However, 5:30, 6 and 6:30 p.m. were good hours to attract parents, as the average suburban dad would be home by then. Thus the Hanna-Barbera shows attracted a large following of adults, and that prompted John Mitchell of Screen Gems to push Bill Hanna and Joe Barbera into making a cartoon more adult-focused that could run in prime time. Thus The Flintstones was born and became a huge success.
But what of Huck and Yogi? Since adults watched them, could they be prime-time stars, too?
Bill Hanna and Joe Barbera apparently thought so.
To the right, you see an ad for a Huck and Yogi show in prime-time, apparently consisting of reruns of cartoons that had aired in the early evening slot for Kellogg’s. The Milwaukee Journal’s Donald H. Dooley wrote about the show in his “Studio Notes” column on September 23, 1962.
TV CARTOON shows did not fare very well last season with adult audiences. “Calvin and the Colonel,” which used the voices of Amos and Andy, expired at the end of the season, as did “Top Cat,” which sounded like the old “Sgt. Bilko” show.Interestingly, the Milwaukee station was a CBS affiliate, so it was bumping network programming in prime time to run Huck and Yogi. A week after its debut, it was moved to Monday night opposite a potpourri of shows on the NBC affiliate (including Don’t Call Me Charlie!”) and the second half of Ben Casey on the ABC station. On October 15th, for example, the cartoons were “Price For Mice,” “Sir Huckleberry Hound” and “Robin Hood Yogi.”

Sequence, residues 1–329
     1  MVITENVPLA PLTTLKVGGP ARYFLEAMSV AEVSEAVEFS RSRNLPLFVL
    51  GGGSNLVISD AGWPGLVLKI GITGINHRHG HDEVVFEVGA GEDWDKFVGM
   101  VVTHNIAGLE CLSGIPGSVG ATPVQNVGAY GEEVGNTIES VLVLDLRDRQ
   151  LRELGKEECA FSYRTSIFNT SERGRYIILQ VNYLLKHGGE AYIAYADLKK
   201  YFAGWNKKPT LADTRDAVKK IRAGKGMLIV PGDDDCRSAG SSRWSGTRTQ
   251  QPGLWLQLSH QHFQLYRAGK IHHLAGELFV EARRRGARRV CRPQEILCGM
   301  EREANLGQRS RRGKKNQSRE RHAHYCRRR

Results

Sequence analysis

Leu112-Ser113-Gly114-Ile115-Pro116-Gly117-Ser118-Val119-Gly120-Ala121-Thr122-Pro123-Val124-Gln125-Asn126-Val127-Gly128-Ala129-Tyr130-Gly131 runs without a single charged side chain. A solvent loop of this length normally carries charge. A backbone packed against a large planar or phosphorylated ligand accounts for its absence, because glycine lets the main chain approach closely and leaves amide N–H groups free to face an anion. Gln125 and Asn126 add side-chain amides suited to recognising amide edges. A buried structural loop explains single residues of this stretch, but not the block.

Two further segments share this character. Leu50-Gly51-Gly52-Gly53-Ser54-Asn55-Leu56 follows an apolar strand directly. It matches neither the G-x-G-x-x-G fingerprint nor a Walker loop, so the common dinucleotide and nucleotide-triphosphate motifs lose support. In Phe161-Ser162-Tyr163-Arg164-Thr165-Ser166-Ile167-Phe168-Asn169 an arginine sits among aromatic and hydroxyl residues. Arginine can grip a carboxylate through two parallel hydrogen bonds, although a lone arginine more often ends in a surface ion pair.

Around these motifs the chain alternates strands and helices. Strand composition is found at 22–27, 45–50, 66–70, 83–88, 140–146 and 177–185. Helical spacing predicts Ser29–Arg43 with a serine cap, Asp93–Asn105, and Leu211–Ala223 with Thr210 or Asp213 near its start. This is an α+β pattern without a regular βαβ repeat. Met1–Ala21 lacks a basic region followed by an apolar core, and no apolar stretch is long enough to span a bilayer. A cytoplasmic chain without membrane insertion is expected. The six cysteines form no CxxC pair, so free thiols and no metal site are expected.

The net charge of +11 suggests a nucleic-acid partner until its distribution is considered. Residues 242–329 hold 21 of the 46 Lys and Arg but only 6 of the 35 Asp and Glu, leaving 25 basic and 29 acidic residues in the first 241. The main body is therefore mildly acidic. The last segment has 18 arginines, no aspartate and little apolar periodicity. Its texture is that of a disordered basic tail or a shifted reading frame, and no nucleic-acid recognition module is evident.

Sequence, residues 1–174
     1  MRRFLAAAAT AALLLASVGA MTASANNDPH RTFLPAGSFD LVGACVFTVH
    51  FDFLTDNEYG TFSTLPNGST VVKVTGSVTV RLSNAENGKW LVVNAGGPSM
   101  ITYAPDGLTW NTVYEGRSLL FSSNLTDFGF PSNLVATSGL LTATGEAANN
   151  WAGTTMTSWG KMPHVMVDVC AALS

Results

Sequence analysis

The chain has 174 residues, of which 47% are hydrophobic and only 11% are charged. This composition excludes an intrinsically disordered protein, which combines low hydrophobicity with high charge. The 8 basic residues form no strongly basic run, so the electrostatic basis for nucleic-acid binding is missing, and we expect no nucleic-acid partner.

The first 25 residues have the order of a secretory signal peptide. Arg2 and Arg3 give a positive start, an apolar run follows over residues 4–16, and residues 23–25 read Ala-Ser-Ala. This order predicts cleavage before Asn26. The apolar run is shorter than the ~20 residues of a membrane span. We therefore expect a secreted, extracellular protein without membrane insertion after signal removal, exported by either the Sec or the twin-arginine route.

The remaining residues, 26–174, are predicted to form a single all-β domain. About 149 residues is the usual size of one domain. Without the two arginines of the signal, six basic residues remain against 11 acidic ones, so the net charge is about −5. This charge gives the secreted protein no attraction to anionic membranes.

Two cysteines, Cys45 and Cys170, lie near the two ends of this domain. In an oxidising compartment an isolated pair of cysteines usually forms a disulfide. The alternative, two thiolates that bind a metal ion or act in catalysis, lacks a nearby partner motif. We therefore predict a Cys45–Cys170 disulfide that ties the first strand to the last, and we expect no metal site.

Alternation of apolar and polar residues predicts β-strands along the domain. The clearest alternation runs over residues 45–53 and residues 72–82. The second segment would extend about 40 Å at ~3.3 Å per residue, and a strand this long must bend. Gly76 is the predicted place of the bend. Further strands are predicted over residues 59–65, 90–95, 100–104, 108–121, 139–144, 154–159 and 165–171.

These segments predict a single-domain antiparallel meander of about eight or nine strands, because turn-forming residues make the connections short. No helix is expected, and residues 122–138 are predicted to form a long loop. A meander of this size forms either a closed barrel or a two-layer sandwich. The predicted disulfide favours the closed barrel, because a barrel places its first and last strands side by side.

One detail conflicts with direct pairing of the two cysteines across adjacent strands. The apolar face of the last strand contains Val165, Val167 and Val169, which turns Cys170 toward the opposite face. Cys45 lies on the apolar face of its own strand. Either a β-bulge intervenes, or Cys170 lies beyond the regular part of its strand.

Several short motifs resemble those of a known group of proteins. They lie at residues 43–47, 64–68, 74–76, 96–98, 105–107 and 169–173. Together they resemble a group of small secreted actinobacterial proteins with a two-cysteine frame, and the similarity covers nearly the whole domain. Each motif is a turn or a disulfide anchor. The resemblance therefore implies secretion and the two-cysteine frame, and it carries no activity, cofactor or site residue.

“The Flintstones” survived and the jet age counterparts of these stone agers, “The Jetsons,” begins the new season today.
Some TV people, however, feel there might still be some life in cartoons aimed at adults, and this season Milwaukee is a test market for their belief. “The Best of Huck and Yogi,” the tester, started here Tuesday [September 18] on WISN-TV (channel 12, 9:30-10 p.m.). If the series catches on here, adults all over the country might see the show next season.
The weekly shows are excerpts from recent programs aimed at children, “Yogi Bear” and “Huckleberry Hound.” Yogi’s voice, Daws Butler, said:
“This is for adults only. In fact, I’ve always maintained that these shows were much too good to be wasted on kids.”
The experiment lasted until December 17th. The following Monday, the smarter-than-the-average bear, the meeces and oh-so-merry Huck were replaced with Stump the Stars. There’s no indication what the ratings were for the programme or if “Best of” ran in any other cities. It appears their regular sojourn into prime time had ended.